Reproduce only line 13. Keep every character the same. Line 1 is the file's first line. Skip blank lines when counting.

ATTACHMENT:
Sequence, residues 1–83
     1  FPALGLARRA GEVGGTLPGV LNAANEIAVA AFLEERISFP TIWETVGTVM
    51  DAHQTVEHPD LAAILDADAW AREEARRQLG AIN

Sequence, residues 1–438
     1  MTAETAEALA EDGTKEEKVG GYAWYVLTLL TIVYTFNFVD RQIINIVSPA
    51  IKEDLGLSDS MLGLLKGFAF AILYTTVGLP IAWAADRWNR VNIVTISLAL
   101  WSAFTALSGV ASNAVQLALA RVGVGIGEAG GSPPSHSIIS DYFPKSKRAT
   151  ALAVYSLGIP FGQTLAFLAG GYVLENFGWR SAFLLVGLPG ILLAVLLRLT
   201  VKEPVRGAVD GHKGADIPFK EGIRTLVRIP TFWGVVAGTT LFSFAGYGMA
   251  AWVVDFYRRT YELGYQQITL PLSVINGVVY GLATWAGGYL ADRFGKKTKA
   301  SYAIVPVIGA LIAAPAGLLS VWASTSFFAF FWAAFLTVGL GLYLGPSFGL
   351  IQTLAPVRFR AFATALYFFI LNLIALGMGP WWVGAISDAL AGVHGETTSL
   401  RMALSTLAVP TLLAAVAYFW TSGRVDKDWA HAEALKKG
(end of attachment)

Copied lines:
   401  RMALSTLAVP TLLAAVAYFW TSGRVDKDWA HAEALKKG